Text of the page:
21. Crowd Funding in our Region (2) 2) SkinKind (UK) Ltd SkinKind (UK) Ltd is a family owned firm that for the last 23 years has successfully developed and marketed an industrial range of natural hand cleaning products to companies . It is now looking to raise £49,000 through Rebuilding Society to increase their prescribing doctors practices and increase the number of individual Doctors prescribing SK products.

    22. Crowd Funding in our Region (3) 3) Brew Dog In 2009, as a 2 year old company Brewdog became a public company and the first company in Europe to sell shares online in a scheme which was fully authorised by the Financial Services Authority, through the company's own website. Over 6,500 people invested, giving the company capital for growth and investors an equity stake.

    23. Crowd Funding : does the market place provide an opportunity for “Crowd Frauding?” Crowd Funding is currently in its infancy. Use of the current regulatory regime in a manner that was neither envisaged nor intended has led many sceptics to question what protections the average member of the public can fall back on if things were to go awry. Barbara Roper, director of investor protection at the Consumer Federation of America, warns against expecting too much from Crowd Funding sites. Crowd Funding “has precisely the same place in the average person’s investment portfolio that lottery tickets do,” she says. “If you have a little spare cash that you think it would be fun to gamble with, that’s fine, but don’t consider it part of a well-thought-out investment strategy.” Investing in start-ups, be it through a portfolio or individual investments, is not for the risk averse. © Lupton Fawcett Lee & Priestley 2013

    24. Crowd Funding : does the market place provide an opportunity for “Crowd Frauding?” Until Crowd Funding regulation is enacted in the UK, akin to the regulation that is soon to be put in place in the USA, should Crowd Funding carry a health warning? The FSA has produced guidance on the area, stating that “investors in a crowd fund have little or no protection if the business or project fails, and…they will probably lose all their investment if it does.” They are also concerned that “some firms involved in Crowd Funding may be handling client money without [their] permission or authorisation, and…may not have adequate protection in place for investors.” The hope is that regulation is put in place sooner rather than later that reduces an individual’s exposure in this type of investment and provides certain investor protections. If a ‘legitimate’/ transparent marketplace is created then Crowd Funding has enormous potential. © Lupton Fawcett Lee & Priestley 2013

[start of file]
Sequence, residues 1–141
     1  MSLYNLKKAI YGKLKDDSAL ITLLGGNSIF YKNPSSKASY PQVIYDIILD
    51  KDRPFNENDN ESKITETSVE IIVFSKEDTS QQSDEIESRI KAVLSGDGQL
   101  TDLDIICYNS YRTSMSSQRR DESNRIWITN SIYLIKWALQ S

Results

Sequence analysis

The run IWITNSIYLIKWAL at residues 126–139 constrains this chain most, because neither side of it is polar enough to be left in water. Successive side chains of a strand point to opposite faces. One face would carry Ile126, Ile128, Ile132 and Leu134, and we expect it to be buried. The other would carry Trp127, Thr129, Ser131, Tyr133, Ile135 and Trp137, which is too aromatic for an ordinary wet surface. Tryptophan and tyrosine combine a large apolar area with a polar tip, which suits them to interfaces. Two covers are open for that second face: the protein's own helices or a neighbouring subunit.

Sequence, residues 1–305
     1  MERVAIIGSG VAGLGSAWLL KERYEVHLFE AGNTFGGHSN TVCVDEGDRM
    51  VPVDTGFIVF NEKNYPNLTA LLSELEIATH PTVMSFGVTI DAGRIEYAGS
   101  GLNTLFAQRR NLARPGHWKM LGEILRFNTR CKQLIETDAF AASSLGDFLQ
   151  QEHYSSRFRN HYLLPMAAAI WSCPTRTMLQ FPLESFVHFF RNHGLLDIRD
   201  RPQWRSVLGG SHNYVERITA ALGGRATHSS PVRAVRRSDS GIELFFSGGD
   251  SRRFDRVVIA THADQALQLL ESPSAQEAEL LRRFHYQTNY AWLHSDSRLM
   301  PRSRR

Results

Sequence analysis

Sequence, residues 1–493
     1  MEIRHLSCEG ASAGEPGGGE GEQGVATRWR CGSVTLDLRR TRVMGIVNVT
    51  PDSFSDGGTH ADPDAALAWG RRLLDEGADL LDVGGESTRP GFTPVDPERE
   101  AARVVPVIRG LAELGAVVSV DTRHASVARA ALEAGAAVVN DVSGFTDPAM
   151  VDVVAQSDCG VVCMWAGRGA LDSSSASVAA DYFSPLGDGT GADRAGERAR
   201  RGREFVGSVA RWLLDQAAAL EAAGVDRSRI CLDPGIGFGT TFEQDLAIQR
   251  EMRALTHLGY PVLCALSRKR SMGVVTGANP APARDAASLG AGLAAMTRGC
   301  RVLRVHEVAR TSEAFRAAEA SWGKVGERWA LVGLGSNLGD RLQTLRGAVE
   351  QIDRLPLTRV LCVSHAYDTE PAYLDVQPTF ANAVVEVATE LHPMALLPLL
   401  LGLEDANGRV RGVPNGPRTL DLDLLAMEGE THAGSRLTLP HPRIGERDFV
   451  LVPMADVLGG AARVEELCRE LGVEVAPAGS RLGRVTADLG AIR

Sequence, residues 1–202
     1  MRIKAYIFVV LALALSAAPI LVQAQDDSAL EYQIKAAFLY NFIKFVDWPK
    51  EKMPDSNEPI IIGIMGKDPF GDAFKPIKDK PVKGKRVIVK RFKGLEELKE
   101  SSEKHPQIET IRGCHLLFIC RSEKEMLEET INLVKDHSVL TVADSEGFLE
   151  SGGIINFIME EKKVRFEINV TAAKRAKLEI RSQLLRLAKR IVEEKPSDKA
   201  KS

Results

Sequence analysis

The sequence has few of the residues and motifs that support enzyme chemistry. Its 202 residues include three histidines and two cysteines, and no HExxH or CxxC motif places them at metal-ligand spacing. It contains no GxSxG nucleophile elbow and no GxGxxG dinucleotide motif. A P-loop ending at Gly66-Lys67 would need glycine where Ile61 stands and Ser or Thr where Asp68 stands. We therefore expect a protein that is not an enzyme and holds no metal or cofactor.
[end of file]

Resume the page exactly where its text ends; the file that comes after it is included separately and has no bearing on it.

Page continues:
25. Crowd Funding : The future Is this a market place with untapped potential? There will be casualties There will be consolidation The market will grow Technology will be the great enabler Regulation may take some time to develop Regulation giving lucidity to the current regime cannot come soon enough. If you would like to discuss this further then please don’t hesitate to get in contact: Andrew LindsayAdam Gray Tel: 0113 280 2025 Tel: 0113 280 2240 Email: Email: © Lupton Fawcett Lee & Priestley 2013